A thriving seaport town buried by volcanic debris, Pompeii’s tragic disaster is one that still intrigues and frightens mankind in the modern age. Classic Roman architecture, highly-detailed works of art, homes, businesses and over 10,000 human lives were all lost within 24 hours after the blast of Mt. Vesuvius in AD 79, becoming one of the worst volcanic eruptions in history. As with most ancient civilizations, the passage of time has made it difficult to identify a human element or connection. One of the greatest aspects of A Day in Pompeii at the Denver Museum of Nature and Science is the reminder that it was not just a town that was destroyed, but thousands of individual lives as well.
I was able to tour A Day in Pompeii on opening weekend, not expecting its impact to be so profound. The beginning of the exhibit gives you a bird’s eye view of the town and its physical environment – a beautiful seaside town, bustling with activity and thriving with culture. About half the size of Denver’s City Park, Pompeii displayed some of the greatest art and architecture of the Roman Empire. Frescoes and mosaics adorning resident’s homes are still unbelievably intact, showcasing their attention to fine details and adoration for their gods. Video monitors project recreations of the styles of homes, with wide open doors into outside courtyards. Beds and chaise-style lounges brought on the sense that Pompeii residents enjoyed a more lavish, comfortable lifestyle.
It was not until I wandered further into the exhibit that I began to realize that these artifacts all belonged to an individual. Ornate jars of cosmetics, beautiful jewelry, mirrors ,and even a small comb reminded me that Pompeii was made up of people just like me, leading an independent life with similar behaviors and possessions. Due to the volcanic ash and its composition, artifacts are preserved almost as if they were made yesterday. A loaf of bread, some olives and even a single walnut has been carbonized capturing the small details of everyday life in Pompeii.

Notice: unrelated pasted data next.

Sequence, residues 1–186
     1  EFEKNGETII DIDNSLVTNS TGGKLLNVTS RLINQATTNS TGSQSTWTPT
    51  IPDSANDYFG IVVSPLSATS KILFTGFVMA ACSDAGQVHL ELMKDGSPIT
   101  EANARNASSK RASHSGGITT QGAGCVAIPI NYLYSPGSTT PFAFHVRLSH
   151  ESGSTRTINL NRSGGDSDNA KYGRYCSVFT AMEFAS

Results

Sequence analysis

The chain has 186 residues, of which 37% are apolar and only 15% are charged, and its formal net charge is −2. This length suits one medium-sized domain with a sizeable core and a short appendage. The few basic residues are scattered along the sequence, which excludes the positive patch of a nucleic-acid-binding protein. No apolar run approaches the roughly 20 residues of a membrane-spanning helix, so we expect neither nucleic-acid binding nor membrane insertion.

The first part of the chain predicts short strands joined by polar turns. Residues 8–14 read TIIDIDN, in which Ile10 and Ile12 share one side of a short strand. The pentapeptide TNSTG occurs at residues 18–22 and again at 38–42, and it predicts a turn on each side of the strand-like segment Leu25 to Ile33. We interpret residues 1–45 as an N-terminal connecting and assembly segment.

The end of the exhibit is quite somber as details regarding the volcano are presented. A 5fiveminute video recreates the blast over a 24 hour period which shows that it did not happen in an instant as I had thought previously, but developed in a time span long enough for people to realize and fear what was happening. Body casts created to show the exact details of the deceased complete the exhibit, once again reminding patrons that Pompeii was more than just a volcanic disaster – it changed and ended the lives for thousands of people.
Denver Museum of Nature and Science
2001 Colorado Blvd.
Denver, CO 80205
WHEN: On display now through January 13, 2o13.
Daily: 9 a.m. – 5 p.m.